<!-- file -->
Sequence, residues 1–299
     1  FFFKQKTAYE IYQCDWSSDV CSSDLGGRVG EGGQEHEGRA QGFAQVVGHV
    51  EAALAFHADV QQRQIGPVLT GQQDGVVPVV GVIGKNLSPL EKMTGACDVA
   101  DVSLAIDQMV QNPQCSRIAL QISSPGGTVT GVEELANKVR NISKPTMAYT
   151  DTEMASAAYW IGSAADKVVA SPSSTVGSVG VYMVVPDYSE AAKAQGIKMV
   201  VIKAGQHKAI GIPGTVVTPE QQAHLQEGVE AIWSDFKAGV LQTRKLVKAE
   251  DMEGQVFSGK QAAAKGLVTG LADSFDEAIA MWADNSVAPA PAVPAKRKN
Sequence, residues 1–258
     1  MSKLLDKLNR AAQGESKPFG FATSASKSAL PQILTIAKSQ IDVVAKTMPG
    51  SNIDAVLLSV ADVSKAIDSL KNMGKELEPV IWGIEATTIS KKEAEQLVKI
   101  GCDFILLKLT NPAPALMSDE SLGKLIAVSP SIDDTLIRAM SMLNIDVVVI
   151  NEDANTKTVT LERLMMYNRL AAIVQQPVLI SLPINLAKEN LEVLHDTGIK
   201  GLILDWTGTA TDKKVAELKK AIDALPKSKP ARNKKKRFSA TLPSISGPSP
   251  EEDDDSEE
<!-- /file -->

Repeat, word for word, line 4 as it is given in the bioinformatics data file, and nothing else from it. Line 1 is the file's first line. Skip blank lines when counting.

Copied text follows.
   101  DVSLAIDQMV QNPQCSRIAL QISSPGGTVT GVEELANKVR NISKPTMAYT